Well, the honest answer is not completely – and that is no reflection on Henderson's detective work. Tey was a highly intelligent woman who did not hanker after the limelight and avoided press interviews. I suspect that even towards the end of her life, Tey only allowed what she wanted to remain within the public domain to keep her privacy after her death. Unfortunately, with a biography of such scant information this falls in to repetition, a habit I feel to purely make the book bigger. Sometimes less is more. Henderson does surmise about Tey's sexuality which has been mooted over before now – but whether she had a male or female lover is never definitely settled on, we are given only possible candidates. Having read this my feelings are that although Tey appreciated good looking men and women, the author was not interested in a liaison of any kind. This is an interesting read and it was good to add some meat to the bones of this elusive writer, but I warn readers that you will not get a 'reveal all' account of Beth/Gordon/Josephine's life – and I suspect that is exactly how Josephine Tey would have wanted it!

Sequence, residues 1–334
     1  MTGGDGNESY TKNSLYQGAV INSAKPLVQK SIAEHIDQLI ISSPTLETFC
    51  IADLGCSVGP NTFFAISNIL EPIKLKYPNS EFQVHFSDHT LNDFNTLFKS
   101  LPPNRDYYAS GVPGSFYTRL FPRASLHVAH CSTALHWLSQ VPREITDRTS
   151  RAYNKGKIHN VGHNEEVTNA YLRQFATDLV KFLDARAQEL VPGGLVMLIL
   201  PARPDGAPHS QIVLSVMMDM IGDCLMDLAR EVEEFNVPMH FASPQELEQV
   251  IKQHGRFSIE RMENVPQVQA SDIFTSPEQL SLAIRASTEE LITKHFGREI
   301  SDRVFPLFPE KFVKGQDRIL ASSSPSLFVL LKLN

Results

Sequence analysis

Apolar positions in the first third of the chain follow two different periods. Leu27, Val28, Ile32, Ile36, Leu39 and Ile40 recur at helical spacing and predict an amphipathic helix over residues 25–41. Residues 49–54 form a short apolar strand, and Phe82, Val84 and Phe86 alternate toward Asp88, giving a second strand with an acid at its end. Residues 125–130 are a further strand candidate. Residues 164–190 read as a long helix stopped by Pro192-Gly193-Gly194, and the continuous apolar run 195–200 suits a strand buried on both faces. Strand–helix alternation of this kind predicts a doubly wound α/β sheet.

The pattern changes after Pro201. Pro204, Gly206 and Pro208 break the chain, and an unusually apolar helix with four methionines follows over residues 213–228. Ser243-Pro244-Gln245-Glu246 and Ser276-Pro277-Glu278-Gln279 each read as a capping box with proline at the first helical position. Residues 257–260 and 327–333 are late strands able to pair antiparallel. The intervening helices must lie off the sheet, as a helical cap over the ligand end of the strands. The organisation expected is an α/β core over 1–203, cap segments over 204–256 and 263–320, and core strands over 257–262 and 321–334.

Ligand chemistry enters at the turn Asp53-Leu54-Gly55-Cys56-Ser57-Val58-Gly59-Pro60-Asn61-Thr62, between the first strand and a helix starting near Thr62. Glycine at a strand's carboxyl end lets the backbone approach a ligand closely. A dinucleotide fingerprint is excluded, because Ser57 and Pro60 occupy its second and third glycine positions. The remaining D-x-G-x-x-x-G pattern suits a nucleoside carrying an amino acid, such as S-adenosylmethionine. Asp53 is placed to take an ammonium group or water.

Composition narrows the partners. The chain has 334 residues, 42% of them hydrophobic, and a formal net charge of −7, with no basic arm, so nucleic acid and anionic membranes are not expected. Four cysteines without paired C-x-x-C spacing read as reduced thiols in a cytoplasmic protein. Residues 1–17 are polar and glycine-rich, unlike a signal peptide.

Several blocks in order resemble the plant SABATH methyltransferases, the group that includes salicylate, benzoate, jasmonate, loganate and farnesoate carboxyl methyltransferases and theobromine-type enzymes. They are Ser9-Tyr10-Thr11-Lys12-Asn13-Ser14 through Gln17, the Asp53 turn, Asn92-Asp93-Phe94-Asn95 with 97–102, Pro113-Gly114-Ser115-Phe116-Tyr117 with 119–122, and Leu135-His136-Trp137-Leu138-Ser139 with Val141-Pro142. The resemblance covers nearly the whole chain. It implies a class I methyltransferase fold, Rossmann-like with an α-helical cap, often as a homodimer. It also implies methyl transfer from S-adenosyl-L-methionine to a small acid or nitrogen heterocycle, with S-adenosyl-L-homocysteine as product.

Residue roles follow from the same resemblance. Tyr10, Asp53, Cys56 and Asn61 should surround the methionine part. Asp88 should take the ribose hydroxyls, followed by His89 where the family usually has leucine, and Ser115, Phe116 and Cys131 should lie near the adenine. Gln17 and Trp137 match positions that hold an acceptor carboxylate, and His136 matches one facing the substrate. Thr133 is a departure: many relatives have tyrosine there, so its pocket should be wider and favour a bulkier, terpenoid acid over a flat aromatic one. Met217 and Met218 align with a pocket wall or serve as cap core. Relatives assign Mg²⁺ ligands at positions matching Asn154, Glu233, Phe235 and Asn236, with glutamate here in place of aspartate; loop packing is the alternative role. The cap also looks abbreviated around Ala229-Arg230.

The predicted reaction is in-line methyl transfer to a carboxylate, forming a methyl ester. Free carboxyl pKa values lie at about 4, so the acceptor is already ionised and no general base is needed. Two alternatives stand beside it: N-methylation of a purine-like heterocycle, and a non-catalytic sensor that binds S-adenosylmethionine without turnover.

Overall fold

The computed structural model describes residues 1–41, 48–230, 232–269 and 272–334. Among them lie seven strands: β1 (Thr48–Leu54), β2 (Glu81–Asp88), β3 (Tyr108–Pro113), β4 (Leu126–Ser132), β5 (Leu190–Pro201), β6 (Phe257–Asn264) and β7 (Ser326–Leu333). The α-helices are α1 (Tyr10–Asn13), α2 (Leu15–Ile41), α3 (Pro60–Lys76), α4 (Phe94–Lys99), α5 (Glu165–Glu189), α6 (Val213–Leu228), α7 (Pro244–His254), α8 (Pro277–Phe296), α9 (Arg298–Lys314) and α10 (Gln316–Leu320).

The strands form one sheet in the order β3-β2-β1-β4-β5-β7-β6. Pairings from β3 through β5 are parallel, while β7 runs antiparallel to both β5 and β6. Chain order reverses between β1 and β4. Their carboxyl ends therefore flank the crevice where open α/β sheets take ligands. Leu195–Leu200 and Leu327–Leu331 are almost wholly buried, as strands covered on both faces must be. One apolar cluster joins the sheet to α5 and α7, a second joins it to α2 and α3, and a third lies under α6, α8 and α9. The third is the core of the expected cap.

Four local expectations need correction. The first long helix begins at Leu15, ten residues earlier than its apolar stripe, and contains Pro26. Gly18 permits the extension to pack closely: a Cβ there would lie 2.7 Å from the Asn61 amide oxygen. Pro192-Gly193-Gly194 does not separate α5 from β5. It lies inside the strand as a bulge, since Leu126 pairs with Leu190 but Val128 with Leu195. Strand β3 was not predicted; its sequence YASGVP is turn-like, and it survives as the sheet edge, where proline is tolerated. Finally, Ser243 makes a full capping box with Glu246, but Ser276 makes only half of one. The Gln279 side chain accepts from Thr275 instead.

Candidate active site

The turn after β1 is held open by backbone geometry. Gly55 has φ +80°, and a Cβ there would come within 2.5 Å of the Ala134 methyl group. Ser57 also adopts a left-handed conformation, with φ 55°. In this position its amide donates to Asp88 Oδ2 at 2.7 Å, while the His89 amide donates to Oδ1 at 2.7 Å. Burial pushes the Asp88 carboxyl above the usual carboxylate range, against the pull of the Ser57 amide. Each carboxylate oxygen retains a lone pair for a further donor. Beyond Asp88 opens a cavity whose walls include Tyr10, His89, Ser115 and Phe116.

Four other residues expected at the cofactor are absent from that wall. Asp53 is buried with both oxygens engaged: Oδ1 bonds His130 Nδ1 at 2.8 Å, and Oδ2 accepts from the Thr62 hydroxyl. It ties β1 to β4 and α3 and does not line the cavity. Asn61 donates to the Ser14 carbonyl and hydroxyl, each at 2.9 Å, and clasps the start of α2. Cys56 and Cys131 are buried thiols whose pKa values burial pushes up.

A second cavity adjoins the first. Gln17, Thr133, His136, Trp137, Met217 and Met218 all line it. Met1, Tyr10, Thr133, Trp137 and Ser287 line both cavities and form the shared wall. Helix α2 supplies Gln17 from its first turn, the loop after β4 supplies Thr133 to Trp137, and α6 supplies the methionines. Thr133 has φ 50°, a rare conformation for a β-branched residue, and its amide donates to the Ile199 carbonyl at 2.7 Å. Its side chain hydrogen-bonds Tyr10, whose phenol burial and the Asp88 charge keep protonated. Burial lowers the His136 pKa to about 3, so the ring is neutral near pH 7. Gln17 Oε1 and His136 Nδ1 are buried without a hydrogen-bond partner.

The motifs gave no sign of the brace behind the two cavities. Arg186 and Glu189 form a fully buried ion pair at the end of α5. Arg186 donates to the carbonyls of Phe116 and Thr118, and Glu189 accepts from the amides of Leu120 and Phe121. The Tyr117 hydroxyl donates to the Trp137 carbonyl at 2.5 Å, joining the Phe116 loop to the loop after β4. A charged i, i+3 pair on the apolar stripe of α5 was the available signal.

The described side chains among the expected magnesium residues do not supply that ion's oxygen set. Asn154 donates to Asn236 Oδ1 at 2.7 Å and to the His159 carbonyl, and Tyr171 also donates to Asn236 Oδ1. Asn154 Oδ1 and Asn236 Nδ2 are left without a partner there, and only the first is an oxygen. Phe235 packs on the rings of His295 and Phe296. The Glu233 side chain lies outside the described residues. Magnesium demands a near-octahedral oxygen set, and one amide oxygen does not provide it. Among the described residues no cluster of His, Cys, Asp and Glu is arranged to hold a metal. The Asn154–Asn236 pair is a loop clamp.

Reviewed by: C.S.

CrimeSquad Rating:

Kathryn Harkup - A is for Arsenic: The Poisons of Agatha Christie

"This is a great book for any crime fan..."

Synopsis:
Agatha Christie was and still is known as the Queen of Crime. Her favourite method of murder was poison. Here Harkup delves in to the properties of fourteen different poisons from Arsenic to Belladonna, from Cyanide to Hemlock, finishing with Veronal. These and more poisons formed some of Christie's greatest work and now you can find out more about the poisons that led Poirot and Marple to solve some of their famous cases.

Review: